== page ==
How many people think it is a smart idea to take their exposure to U.S. equities and layer on top of it—dollar for dollar—an additional exposure to the U.S. dollar? This type of layering of additional risk might be called a form of leverage, as an investor would be providing two sources of return for a given dollar investment. For example, consider a $1 investment in a hypothetical fund that provides exposure to $1 of U.S. equities and $1 of exposure to the U.S. dollar ($2 of distinct asset class risk for every $1 invested). Few long-only investors in the U.S. desire this strategy, and I have rarely seen anything like this exposure offered to investors in the U.S.1
If few U.S. investors would leverage up their S&P 500 exposure with a secondary bet on the U.S. dollar, why should it always make sense to layer on euro risk when buying European equities or yen risk when buying Japanese equities?
When investors buy overseas assets, they have to sell U.S. dollars and buy euros or yen to purchase those overseas stocks. Unless a currency (foreign exchange or “FX”) hedge is made to mitigate this FX risk, investors are fully exposed to FX fluctuations.
But why is it beneficial to add currency risk on top of local equities? Let’s go through 2 common rationalizations.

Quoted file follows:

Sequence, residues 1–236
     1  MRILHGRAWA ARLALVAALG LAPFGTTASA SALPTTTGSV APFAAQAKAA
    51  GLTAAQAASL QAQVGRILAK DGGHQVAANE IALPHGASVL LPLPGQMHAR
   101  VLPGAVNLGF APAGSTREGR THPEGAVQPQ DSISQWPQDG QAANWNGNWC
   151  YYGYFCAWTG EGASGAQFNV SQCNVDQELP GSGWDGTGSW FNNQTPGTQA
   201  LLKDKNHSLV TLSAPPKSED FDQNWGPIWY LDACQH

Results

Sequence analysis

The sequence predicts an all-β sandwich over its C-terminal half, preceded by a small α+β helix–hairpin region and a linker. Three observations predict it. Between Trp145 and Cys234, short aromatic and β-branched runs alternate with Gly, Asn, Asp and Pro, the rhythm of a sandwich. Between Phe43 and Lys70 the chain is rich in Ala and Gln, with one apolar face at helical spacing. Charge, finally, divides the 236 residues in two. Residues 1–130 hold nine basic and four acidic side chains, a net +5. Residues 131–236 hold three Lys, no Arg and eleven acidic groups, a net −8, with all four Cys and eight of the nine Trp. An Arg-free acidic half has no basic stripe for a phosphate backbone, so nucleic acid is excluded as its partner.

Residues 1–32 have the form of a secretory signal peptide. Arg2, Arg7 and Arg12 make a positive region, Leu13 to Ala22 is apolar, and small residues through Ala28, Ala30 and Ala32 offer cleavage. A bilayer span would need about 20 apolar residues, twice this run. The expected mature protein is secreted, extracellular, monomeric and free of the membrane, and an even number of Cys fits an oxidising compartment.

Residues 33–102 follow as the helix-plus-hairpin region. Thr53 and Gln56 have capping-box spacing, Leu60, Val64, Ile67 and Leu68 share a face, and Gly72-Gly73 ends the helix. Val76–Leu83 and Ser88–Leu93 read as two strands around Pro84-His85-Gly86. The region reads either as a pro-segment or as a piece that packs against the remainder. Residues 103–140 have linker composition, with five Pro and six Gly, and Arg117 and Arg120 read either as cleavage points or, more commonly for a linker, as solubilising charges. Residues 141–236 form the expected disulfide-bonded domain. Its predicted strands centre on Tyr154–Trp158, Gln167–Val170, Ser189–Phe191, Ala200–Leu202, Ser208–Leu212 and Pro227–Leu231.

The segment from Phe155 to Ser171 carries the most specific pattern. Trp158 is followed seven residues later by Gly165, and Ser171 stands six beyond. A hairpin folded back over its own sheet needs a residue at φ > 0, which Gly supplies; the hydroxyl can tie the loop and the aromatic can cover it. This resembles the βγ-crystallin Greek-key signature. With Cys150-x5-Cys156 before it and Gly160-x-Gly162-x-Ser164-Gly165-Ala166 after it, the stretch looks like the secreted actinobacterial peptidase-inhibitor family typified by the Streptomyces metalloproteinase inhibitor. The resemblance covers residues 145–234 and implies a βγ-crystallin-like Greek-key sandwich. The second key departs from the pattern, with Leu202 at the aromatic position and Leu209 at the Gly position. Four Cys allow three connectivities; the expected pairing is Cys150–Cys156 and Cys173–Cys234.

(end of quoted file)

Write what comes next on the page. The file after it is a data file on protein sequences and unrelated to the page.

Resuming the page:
Isn’t it Expensive to Hedge?
One answer to why many take on the FX risk: a misperception that it is expensive to hedge foreign currencies. This can be a valid concern in some countries today: Brazil, India, South Africa and Turkey, for example—all countries that have very high short-term interest rates when measured against U.S. interest rates. I’d agree the case to hedge these emerging market currencies is diminished, as there is a higher hurdle for how much these currencies have to depreciate for the hedge to pay off.
But the cost to hedge developed world currencies such as the euro and the yen has been brought down to virtually zero because all their interest rates are pegged near zero2. Central bankers have been guiding us to believe that the U.S. Federal Reserve will be the first major central bank to increase short-term interest rates. The European Central Bank and the Bank of Japan have set their forward guidance to keep interest rates low for a long period—so it is possible to collect some interest to hedge the euro and yen at some point in 2015. This environment makes currency hedging particularly relevant in the developed world today.
What about FX as Portfolio Diversification?